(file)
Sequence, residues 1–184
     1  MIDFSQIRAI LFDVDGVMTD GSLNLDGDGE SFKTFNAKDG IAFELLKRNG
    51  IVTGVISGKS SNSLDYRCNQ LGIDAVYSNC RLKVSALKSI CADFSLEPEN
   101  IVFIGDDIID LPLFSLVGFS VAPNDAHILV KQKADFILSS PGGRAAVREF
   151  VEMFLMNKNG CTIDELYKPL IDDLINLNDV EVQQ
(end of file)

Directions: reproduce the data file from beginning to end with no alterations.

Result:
Sequence, residues 1–184
     1  MIDFSQIRAI LFDVDGVMTD GSLNLDGDGE SFKTFNAKDG IAFELLKRNG
    51  IVTGVISGKS SNSLDYRCNQ LGIDAVYSNC RLKVSALKSI CADFSLEPEN
   101  IVFIGDDIID LPLFSLVGFS VAPNDAHILV KQKADFILSS PGGRAAVREF
   151  VEMFLMNKNG CTIDELYKPL IDDLINLNDV EVQQ